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Seven movie premiers postponed — Wuhan coronavirus is a huge blow to local industry

In response to the rapidly escalating outbreak of a deadly disease in China, a total of seven Chinese movies, which were set to reach cinema screens during the Chinese New Year holiday, have been pushed back from their original release dates, according to a string of announcements (in Chinese) made by distributors on January 23.

Among the potential blockbusters that had their initial release plans scrapped were the action-comedy-mystery sequel Detective Chinatown 3 (唐人街探案3 tángrénjiē tànàn 3), the third installment of Lost in franchise Lost in Russia (囧妈 jiǒngmā), the family-friendly animation Boonie Bears: The Wild Life (熊出没 xióngchūmò), the biographical sports drama Leap (夺冠 duóguàn), and other less-known releases.

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The announcements made by their distributors all say that the delays were caused by the rampant spread of the novel virus, which has claimed the lives of 17 people so far and shows no sign of receding. “Movies only constitute a minor part of life. Safety and health are the most valuable things. Given that the virus can spread easily and quickly in indoor places like movie theaters, we have decided to cancel the release over the holiday,” the distributor of Leap wrote on Weibo without announcing a new release date for the movie. Most of them also noted that they were in contact with theaters and ticketing platforms to give refunds to customers who already purchased tickets.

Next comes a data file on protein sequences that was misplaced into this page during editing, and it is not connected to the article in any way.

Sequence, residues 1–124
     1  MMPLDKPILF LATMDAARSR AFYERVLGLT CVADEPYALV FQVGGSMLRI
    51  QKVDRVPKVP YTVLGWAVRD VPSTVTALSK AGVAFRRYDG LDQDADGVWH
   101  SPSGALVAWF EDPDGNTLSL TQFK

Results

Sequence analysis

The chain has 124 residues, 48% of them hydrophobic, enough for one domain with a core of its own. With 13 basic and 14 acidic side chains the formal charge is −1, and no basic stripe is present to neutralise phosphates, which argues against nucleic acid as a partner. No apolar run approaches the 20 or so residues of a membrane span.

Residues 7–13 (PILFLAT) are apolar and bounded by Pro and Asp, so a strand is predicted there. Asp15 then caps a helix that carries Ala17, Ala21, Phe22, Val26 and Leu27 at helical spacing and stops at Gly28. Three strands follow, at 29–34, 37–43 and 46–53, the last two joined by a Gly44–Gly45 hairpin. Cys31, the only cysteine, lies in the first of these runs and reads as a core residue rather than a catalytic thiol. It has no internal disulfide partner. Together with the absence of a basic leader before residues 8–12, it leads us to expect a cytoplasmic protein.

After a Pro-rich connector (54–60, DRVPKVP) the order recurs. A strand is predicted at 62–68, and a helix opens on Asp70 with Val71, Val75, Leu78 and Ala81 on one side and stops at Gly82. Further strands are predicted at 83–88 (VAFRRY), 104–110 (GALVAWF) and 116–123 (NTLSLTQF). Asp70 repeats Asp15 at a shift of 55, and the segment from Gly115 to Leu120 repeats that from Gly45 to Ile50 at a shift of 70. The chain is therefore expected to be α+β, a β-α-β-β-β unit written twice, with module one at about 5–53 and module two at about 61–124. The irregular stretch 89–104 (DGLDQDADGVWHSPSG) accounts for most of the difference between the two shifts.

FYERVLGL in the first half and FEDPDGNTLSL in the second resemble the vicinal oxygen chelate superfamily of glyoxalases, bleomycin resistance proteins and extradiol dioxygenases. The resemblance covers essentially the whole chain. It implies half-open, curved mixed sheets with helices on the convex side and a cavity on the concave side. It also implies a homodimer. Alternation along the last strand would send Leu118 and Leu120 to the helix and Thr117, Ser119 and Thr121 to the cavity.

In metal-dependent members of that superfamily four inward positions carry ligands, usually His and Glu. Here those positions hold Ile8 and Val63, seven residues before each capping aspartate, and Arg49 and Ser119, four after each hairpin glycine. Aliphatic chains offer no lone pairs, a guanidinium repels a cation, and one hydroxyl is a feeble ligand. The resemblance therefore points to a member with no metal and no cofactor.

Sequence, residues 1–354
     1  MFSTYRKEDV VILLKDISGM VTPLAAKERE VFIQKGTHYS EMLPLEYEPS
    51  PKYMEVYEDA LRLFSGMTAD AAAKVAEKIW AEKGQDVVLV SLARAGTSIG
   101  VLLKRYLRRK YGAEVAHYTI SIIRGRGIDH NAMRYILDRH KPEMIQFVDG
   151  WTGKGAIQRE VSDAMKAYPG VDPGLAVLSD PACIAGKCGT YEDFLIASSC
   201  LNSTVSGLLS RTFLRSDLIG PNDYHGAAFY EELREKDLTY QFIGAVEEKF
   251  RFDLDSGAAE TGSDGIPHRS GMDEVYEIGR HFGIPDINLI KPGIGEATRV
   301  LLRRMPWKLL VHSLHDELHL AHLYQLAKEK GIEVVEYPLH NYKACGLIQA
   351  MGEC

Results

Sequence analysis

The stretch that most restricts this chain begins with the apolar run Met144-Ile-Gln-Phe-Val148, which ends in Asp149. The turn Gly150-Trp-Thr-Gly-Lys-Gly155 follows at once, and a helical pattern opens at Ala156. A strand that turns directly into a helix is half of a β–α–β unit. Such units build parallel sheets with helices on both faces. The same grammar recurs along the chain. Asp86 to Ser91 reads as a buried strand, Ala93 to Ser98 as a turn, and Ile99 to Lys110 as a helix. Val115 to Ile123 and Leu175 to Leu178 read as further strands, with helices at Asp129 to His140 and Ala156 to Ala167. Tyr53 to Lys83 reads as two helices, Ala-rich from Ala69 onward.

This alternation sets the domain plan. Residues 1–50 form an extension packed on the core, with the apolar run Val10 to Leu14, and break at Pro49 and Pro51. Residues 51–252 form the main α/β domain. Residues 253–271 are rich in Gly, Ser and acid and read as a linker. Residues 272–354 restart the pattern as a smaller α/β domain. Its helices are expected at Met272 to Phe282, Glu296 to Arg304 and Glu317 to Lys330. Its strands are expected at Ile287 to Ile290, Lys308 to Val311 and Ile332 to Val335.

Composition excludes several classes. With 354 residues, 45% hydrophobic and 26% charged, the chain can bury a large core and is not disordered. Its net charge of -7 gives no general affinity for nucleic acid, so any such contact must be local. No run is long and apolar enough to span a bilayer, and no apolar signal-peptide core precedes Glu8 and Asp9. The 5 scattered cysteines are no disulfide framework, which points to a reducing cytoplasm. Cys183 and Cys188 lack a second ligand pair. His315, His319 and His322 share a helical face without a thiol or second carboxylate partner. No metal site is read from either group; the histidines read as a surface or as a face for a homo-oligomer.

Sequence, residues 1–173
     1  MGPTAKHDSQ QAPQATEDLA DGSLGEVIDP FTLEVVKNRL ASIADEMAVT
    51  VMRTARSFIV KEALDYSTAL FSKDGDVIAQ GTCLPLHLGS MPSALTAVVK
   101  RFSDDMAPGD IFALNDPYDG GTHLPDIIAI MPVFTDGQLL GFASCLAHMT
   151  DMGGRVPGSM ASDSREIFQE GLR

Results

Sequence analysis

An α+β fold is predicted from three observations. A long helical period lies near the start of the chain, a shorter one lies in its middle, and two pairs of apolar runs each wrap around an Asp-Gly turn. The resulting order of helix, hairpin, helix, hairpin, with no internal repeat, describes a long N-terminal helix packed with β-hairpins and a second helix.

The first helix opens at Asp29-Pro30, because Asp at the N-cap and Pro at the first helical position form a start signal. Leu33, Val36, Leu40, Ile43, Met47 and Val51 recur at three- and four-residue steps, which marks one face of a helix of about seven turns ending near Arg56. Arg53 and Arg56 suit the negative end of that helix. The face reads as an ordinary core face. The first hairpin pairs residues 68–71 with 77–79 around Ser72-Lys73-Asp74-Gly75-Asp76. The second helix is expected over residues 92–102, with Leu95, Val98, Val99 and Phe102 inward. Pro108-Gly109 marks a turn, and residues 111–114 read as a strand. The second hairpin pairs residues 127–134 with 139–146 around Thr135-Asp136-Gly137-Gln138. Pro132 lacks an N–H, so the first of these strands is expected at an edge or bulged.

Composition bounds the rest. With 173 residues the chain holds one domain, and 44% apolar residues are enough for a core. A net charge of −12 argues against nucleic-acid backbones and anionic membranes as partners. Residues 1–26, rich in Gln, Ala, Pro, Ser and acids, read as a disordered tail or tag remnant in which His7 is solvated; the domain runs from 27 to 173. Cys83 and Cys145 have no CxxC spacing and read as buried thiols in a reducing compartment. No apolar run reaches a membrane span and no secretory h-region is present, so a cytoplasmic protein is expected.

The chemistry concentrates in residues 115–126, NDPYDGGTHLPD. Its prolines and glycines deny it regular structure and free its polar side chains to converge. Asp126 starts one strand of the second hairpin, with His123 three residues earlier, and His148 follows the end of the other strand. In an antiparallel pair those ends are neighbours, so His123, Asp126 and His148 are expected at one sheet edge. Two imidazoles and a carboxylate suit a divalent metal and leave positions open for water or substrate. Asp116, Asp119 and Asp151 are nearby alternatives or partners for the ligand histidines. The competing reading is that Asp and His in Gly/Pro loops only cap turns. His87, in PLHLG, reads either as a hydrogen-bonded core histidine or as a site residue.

Following the announcements, Imax said that it fully supported the decision, which it believed was “the best course of action in an unfortunate situation.” In a statement released today, the Canadian theater company wrote, “We have every expectation that these films will be released in 2020 and that audience demand for these releases will remain high. Our thoughts are with the Chinese people, for whom we wish a swift resolution to this issue and a safe and healthy Chinese New Year.”

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Prior to the unforeseen withdrawals, Maoyan, one of the biggest online ticketing platforms in China, predicted that the seven movies would gross at least 1.4 billion yuan ($201.8 million) between Friday and Saturday. In wake of the news, shares of some major Chinese film companies fell sharply today, the last trading day before the Chinese New Year. Wanda Pictures, the distributor of Detective Chinatown 3, closed about 7 percent lower, off nearly 20 percent over the last five trading days.

Some foreign entertainment companies are likely to be affected, too. In an interview with The Hollywood Reporter, Eric Handler, an analyst with MKM Partners, said that given how heavily Imax relied on the festival for major benefits in the past two years, the cancellations’ impact on the company could be “meaningful” this year.

The Chinese New Year frame, which runs roughly a week, is the biggest time of the year for Chinese movie companies. Last year, the total box office intake during this period hit a record-high 5.83 billion yuan ($860 million), up from 5.77 billion yuan ($831.8 million) in 2018. With a slew of highly anticipated movies being shelved for an indefinite period, the Chinese movie industry is facing a tough time ahead.

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Jiayun Feng

Jiayun was born in Shanghai, where she spent her first 20 years and earned a bachelor’s degree in journalism at Fudan University. Interested in writing for a global audience, she attended the NYU Graduate School of Journalism for its Global & Joint Program Studies, which allowed her to pursue a journalism career along with her interest in international relations. She has previously interned for Sixth Tone and Shanghai Daily.

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